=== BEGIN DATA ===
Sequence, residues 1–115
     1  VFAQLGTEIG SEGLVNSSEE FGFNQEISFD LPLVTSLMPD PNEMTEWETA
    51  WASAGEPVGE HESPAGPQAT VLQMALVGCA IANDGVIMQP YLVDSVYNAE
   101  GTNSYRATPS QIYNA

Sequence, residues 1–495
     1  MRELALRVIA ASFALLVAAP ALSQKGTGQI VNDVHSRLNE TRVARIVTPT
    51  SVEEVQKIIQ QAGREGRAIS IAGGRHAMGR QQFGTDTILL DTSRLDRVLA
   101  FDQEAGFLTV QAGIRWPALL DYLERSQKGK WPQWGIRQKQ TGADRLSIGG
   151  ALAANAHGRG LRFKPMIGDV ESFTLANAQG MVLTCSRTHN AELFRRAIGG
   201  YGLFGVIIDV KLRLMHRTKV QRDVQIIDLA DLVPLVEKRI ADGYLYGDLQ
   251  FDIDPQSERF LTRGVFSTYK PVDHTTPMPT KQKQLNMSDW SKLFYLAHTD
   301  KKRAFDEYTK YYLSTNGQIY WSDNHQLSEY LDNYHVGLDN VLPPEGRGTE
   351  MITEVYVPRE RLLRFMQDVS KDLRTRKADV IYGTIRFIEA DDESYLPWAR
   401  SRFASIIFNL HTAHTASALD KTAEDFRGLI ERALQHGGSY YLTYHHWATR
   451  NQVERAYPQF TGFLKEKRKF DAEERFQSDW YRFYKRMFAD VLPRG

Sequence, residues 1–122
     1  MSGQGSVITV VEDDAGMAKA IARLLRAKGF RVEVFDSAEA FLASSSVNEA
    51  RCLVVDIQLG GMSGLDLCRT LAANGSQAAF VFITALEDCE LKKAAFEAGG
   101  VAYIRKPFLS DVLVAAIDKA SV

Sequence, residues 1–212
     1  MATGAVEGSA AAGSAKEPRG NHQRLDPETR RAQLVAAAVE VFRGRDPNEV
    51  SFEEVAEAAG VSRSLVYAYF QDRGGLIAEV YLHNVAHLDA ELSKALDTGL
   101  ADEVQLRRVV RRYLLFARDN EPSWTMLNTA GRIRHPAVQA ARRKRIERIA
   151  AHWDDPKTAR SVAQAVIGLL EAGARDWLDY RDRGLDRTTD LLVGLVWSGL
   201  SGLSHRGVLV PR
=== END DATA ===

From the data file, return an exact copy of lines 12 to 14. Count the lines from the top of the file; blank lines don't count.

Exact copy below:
   301  KKRAFDEYTK YYLSTNGQIY WSDNHQLSEY LDNYHVGLDN VLPPEGRGTE
   351  MITEVYVPRE RLLRFMQDVS KDLRTRKADV IYGTIRFIEA DDESYLPWAR
   401  SRFASIIFNL HTAHTASALD KTAEDFRGLI ERALQHGGSY YLTYHHWATR